Mississippi Action for Progress (MAP) was founded in 1966 to receive federal funds to run Head Start programs. It challenged and ultimately superseded the Child Development Group of Mississippi (CDGM) as the primary group to run Head Start in the state.
As an important part of the War on Poverty in the mid-1960s, the US government’s Office of Economic Opportunity (OEO) made a commitment to Head Start programs to improve the education and health of young children in poor areas of the country. The CDGM was a private group that hoped to carry on the goals of the freedom schools of the Student Nonviolent Coordinating Committee, as evidenced by its headquarters at Mount Beulah, which shared space with the Delta Ministry and the Mississippi Freedom Democratic Party; its conscious interracialism; its rhetoric of local control over local affairs; and many of its leaders, such as founder Tom Levin, Student Nonviolent Coordinating Committee member Fred Smith, and Marian Wright. In 1965 the CDGM received a large federal grant to run Head Start programs in Mississippi.
Conservatives in the state condemned the CDGM as a leftist organization that was challenging the racial hierarchy, in part by creating jobs for young troublemakers. Gov. Paul B. Johnson, Sen. John Stennis, and other government leaders criticized the CDGM for putting up bail money for jailed demonstrators and more broadly for not knowing how to handle money, especially large federal grants. Stennis and Sen. James Eastland were among the Mississippi leaders who urged OEO director Sargent Shriver not to give more money to CDGM.
At the end of 1966, the US Congress hesitated to give another large grant to CDGM to run Head Start programs. In response, some Mississippi leaders, including Hodding Carter III and Aaron Henry of the National Association for the Advancement of Colored People, founded MAP. Other leaders included Owen Cooper, Leroy Percy, and Oscar Carr of the traditionally conservative Delta Council and Robert L. T. Smith and Charles Young, two younger African Americans who wanted to work with the existing Democratic Party. MAP received considerable criticism because it competed with the CDGM for funds and respectability. Critics saw MAP as one sign of the difficulties faced by innovative, countercultural forces in turning the energy and activism of the civil rights movement into platforms for local control and a new type of education. The OEO, happy to get away from controversies surrounding the CDGM, granted most Head Start funding and authority to MAP. Fannie Lou Hamer condemned the decision: “We aren’t ready to be sold out by a few middle-class bourgeoisie and some of the Uncle Toms who couldn’t care less.” Wright saw the decision as another example of powerful Mississippians trying to prevent African Americans from obtaining funds to run programs for themselves.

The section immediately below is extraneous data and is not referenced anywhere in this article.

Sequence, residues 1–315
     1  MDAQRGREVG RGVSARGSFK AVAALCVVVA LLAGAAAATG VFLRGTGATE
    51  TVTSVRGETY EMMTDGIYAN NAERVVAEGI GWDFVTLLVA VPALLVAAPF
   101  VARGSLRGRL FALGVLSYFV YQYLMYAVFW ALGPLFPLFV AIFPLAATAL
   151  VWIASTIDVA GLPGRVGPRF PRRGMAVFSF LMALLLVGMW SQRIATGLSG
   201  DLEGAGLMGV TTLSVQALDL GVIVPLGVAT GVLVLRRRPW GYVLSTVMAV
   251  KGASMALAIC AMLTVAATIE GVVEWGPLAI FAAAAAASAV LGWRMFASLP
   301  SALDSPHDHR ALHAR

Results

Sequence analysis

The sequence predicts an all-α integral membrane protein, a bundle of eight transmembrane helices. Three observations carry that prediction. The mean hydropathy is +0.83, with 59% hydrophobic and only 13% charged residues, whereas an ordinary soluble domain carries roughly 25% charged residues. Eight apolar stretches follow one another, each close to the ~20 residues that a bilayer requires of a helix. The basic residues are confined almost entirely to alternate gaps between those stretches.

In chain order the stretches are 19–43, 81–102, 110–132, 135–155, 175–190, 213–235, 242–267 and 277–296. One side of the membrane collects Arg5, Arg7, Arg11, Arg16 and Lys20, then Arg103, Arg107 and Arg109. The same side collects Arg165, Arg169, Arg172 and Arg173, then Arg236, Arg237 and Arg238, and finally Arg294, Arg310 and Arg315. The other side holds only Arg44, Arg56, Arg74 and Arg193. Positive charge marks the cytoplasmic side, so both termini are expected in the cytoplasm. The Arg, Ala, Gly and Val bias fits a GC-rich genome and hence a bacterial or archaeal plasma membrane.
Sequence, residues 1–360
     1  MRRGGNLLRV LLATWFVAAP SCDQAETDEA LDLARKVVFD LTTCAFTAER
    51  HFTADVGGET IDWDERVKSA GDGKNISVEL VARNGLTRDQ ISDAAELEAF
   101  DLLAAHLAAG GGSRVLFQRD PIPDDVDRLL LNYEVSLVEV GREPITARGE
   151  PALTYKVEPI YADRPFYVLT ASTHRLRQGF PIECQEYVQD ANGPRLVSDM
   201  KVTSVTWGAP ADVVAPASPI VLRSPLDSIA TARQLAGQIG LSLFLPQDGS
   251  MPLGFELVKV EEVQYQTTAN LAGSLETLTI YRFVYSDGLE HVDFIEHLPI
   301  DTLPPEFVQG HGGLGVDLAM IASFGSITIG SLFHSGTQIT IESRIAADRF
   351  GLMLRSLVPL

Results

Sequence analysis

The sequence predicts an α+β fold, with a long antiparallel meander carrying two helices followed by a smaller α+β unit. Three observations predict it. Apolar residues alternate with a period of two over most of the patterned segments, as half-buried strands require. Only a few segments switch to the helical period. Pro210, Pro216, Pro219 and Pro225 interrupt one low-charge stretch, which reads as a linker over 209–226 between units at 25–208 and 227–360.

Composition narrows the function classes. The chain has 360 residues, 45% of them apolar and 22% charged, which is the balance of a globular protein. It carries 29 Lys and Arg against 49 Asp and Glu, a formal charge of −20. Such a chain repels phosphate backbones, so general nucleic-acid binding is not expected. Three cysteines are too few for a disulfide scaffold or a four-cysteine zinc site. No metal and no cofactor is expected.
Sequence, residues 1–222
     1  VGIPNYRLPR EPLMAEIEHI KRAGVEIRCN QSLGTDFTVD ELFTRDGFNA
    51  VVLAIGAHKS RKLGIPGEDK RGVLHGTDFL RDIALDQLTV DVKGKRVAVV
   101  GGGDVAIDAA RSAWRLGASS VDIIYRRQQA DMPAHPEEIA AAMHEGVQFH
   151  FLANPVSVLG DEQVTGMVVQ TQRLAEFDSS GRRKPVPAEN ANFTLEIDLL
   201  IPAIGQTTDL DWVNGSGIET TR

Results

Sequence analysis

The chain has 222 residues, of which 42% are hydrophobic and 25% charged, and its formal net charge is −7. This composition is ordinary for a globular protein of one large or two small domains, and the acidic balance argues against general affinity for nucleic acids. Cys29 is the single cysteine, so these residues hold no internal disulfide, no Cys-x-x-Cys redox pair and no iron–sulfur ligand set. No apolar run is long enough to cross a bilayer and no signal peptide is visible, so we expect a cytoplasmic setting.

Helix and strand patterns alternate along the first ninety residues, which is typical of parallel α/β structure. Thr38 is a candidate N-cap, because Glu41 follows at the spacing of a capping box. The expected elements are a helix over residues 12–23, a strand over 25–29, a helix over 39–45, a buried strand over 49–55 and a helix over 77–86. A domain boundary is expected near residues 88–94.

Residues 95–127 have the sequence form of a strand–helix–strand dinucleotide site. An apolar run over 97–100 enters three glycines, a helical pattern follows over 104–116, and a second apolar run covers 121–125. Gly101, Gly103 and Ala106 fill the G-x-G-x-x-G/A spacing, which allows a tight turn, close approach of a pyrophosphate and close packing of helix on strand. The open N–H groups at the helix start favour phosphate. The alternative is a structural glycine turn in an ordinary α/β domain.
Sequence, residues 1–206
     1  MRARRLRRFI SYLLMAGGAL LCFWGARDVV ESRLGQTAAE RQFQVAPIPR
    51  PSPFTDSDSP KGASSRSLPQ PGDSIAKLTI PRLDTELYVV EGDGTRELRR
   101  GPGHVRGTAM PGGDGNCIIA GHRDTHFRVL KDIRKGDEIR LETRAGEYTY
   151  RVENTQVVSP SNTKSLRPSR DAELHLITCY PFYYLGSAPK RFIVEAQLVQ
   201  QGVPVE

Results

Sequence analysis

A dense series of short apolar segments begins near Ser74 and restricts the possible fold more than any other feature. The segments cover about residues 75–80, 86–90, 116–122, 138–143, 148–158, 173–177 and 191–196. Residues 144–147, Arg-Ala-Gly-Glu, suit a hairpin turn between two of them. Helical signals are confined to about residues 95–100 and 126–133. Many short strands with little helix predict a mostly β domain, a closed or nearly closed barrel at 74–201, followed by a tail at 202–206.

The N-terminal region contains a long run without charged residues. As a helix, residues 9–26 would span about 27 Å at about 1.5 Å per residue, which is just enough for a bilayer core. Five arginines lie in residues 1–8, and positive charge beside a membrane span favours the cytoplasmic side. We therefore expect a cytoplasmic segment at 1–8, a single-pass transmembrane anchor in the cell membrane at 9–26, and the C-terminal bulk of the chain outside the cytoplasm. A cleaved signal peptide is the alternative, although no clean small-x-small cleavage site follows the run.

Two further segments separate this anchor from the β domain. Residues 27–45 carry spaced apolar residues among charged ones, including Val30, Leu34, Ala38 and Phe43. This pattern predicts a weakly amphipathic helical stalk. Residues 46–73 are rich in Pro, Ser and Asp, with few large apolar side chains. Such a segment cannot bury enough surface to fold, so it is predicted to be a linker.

Members of MAP and CDGM argued over the proper direction and leadership for Head Start until 1967, when the OEO stopped giving funds to CDGM. In an attempt to quell the controversy, MAP hired Helen Bass Williams of Tougaloo College, a former CDGM worker, as its director and offered a compromise between federal and local control over Head Start.
MAP remains an idealistic organization dedicated to improving the health and education of the state’s poor children. By 2016 it ran sixty-one Head Start centers offering education, health care, meals, and other programs for more than six thousand children in its twenty-five-county service area, and it has expanded its range of services to include family literacy and environmental health concerns.
- John Dittmer, Local People: The Struggle for Civil Rights in Mississippi (1995)
- Polly Greenberg, The Devil Has Slippery Shoes: A Biased Biography of the Child Development Group of Mississippi (CDGM), a Story of Maximum Feasible Poor Parent Participation (1990)
- Kay Mills, Something Better for My Children: The History and People of Head Start (1998)
- Mississippi Action for Progress website, www.mapheadstart.org
- Kim Lacy Rogers, Life and Death in the Delta: African American Narratives of Violence, Resilience, and Social Change (2006)
- Crystal R. Sanders, A Chance for Change: Head Start and Mississippi’s Freedom Struggle (2016)
- Clyde Woods, Development Arrested: Race, Power, and the Blues in the Mississippi Delta (1998)